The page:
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SQL Server: LEFT JOIN on Multiple Columns to Spot Missing Data

In a LEFT JOIN operation, you can combine multiple columns from two tables based on a common key. The result will include all rows from the left table and the matched rows from the right table. If no match is found in the right table, the corresponding columns will contain NULL values.

Here's the general syntax to perform a LEFT JOIN with multiple columns:

Syntax to perform a left join with multiple columns
SELECT columns
FROM left_table
LEFT JOIN right_table
ON left_table.column1 = right_table.column1
AND left_table.column2 = right_table.column2

Sample Data to Demo Left Join Multiple Columns

You can use this DB Fiddle to follow along and practice right joining multiple columns

Let's create three tables, "departments", "employees", and "locations". We can then perform a left join on two columns, "dept_id" and "location_id," to identify departments without any employees.

Create the "departments" table:


Create the "employees" table:


Create the "locations" table:

100New YorkUSA

Left Join Multiple Columns: dept_id and location_id

Left join multiple columns: dept_id and location_id
SELECT d.dept_id
FROM departments d
LEFT JOIN employees e ON d.dept_id = e.dept_id
AND d.location_id = e.location_id

To identify departments without any employees, we can perform a left join on multiple columns (dept_id and location_id) between the "departments" and "employees" tables and check if the "employee_id" column from the "employees" table is NULL.

Left join multiple columns to identify departments without any employees
SELECT d.dept_id
FROM departments d
LEFT JOIN employees e ON d.dept_id = e.dept_id
AND d.location_id = e.location_id
WHERE e.employee_id IS NULL;

We get a query result indicating that Marketing department in our sample data set does not have any employees.


Let's break down the SQL query above step by step:

  1. SELECT d.dept_id, d.department_name: This part of the query selects the "dept_id" and "department_name" columns from the "departments" table, which will be displayed in the query result.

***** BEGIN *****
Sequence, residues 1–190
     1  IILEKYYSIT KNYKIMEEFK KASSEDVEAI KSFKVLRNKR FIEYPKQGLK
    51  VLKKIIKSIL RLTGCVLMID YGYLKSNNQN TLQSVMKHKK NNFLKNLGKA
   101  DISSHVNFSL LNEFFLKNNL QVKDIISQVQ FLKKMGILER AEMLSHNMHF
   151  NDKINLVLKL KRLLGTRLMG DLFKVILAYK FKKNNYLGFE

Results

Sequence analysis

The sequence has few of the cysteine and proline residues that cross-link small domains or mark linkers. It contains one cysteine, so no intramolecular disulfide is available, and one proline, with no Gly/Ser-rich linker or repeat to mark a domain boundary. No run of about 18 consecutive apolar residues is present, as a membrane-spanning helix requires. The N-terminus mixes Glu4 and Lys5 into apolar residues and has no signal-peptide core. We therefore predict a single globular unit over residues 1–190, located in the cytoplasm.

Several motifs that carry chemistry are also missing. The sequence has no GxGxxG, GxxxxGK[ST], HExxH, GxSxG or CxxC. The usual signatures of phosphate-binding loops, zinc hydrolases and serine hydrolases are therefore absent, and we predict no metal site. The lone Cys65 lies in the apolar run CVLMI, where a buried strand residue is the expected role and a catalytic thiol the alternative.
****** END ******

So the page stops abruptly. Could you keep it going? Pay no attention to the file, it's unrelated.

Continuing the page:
2. FROM departments d: Here, we specify the source table for the data retrieval. The table "departments" is aliased as "d," which allows us to refer to this table using the alias throughout the rest of the query.

  3. LEFT JOIN employees e ON d.dept_id = e.dept_id AND d.location_id = e.location_id: This is the left join part of the query. It combines the "departments" table ("d") with the "employees" table ("e") based on two conditions: "dept_id" and "location_id."

  4. WHERE e.employee_id IS NULL: The WHERE clause filters the rows that satisfy a specific condition. In this case, we are checking if there's no matching employee for each department, and we do this by checking if the "employee_id" column from the "employees" table is NULL. If it is NULL, it means there is no matching employee for that department.

In summary, the query is designed to find departments that have no employees associated with them. It first selects the "dept_id" and "department_name" from the "departments" table and then performs a left join with the "employees" table based on "dept_id" and "location_id." The left join ensures that all rows from the "departments" table are included in the result, regardless of whether there is a matching employee in the "employees" table or not. The WHERE clause then filters out the rows where the "employee_id" is NULL, indicating that there is no employee for that department. The final result will be a list of departments that have no employees.